In these pages I have returned to the Life of Arthur W Pink which I wrote nearly a quarter of a century ago. My reasons for the present revision and enlargement are threefold.
First, there is some more information on Pink available to me than there was in 1981. A number of Pink's own notebooks and manuscripts were not in my hands at that date. Further many letters written by him between 1917 and 1920 have now come into the public domain. For the latter we are indebted to Richard D. Belcher of Columbia, South Carolina, who undertook their publication in Letters from Spartanburg and Letters of an Itinerant Preacher. Dr Belcher has also contributed valuable additions to the understanding of Pink in his biography, Arthur W. Pink: Born to Write (1982, and his current enlarged edition of the same title). It may be that still more sources of information will come to light and, if so, the writer and the present publishers would be glad to hear of them.
Second, opportunity to reflect on my first edition of the biography, as well as perhaps on Dr Belcher's Born to Write, has left me with the impression that there was too much attention given to the unusual in Pink. Anything extraordinary or unique in an individual always tends to gain over-much attention from biographers and can thus distort the picture presented. If we erred in this regard it happened in part because of our incomplete knowledge. Not only did Pink write very little about himself, there is almost no surviving correspondence of a personal nature - nothing, for instance, between him and those who knew him best such as his parents and his wife.
Presumably on the basis of the limited information in our biographies, opinions have sometimes been expressed about Arthur Pink which give no true impression of the man. In a recent article in an Australian magazine entitled 'Ten Years on and Still a Calvinist', the author wrote of his concerns when he first became a Calvinist: 'Would I', he asked himself; 'become a schismatic, breaking fellowship with an increasingly large number of people until there was just me and my copy of Arthur Pink's Collected Works left?" (Rory Shiner in “The Briefing”), Matthias Media, October 2003, p.5). I hope this revision may do something to remove such misconceptions. The real Pink was a man who could write:
'We should view God's children, separated as they now are by party partitions and denominational walls, as members of the same family, and sharing a common interest. Let our hearts embrace and our prayers include the entire household of faith.' (Studies in the Scriptures, 1947, p.229)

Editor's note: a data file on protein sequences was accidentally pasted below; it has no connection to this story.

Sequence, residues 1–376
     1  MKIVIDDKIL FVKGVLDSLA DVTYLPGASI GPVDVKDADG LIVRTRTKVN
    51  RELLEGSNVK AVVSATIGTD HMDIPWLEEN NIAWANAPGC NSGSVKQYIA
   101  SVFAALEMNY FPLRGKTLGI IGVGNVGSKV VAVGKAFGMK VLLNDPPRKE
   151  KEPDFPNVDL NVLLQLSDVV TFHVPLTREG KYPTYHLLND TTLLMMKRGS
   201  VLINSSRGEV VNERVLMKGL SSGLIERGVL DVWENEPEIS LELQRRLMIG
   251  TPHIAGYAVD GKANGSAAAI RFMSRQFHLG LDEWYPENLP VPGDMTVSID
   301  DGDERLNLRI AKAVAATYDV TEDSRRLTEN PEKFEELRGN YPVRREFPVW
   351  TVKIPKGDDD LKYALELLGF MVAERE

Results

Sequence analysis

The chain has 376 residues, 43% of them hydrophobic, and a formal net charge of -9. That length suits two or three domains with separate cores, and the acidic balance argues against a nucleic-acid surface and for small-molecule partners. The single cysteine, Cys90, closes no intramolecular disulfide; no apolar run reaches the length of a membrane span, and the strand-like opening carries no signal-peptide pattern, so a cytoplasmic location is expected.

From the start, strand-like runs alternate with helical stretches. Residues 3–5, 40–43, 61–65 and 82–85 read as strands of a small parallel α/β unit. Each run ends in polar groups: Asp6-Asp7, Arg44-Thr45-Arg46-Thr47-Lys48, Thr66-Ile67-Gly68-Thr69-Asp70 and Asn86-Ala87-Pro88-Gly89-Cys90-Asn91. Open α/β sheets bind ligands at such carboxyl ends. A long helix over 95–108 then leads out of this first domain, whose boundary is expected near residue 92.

I do not deny that there is the unusual in Pink's life and that is one reason he gave why 'We shall not relate our own spiritual history . . . There are probably some things about our conversion and some things in our subsequent spiritual history which have been duplicated in very few others, if they should look for parallel in themselves.' (Spiritual Growth or Christian Progress, Grand Rapids, Baker, 1971, p. 34. Another reason why he had no concern to leave records of himself was 'we are not so conceited as to imagine that our own particular conversion and the ups and downs of our Christian life are of sufficient importance to narrate.'). He had no wish that anyone should take the events of his life as an example for themselves.
Third, there are good reasons why the fullest possible biographical information should be set down. For one thing, the widespread circulation of his writings after his death made him one of the most influential evangelical authors in the second half of the twentieth century. Yet his life has been little known. When Donald McKinnon, Lady Margaret Professor of Divinity at Cambridge, was addressing the Divinity Faculty and others in Edinburgh in 1974 there was only one who could respond to his question, 'Does anyone here know Pink?' (Surprised at the question, Ian Hamilton queried if he meant A.W. Pink.) Still today his life is sometimes unreported where you would expect to find it. There is no entry for him in the Twentieth Century Dictionary of Christian Biography, edited by J. D. Douglas (Grand Rapids: Baker; Carlisle: Paternoster, 1995). There is an entry, however, in the Biographical Dictionary of Evangelicals, edited by Timothy A. Larsen (Downers Grove, IL: IVP, 2003). We are reminded of the words of a Puritan, 'There will be a resurrection of reputations as well as bodies.'
The life of Pink tells us much that is for the glory of God. No Christian can know him without appreciation and profit. He was led by God along a difficult path, and could say, 'Much failure attached to us at every point', but we can now see how he was guided to be a God-honouring witness in a day of much superficiality. We are humbled in the presence of his love of Scripture and his single-minded devotion to Christ. While the portrait we have attempted in these pages is still incomplete we believe it will be of help to fellow pilgrims who are all called to live by faith.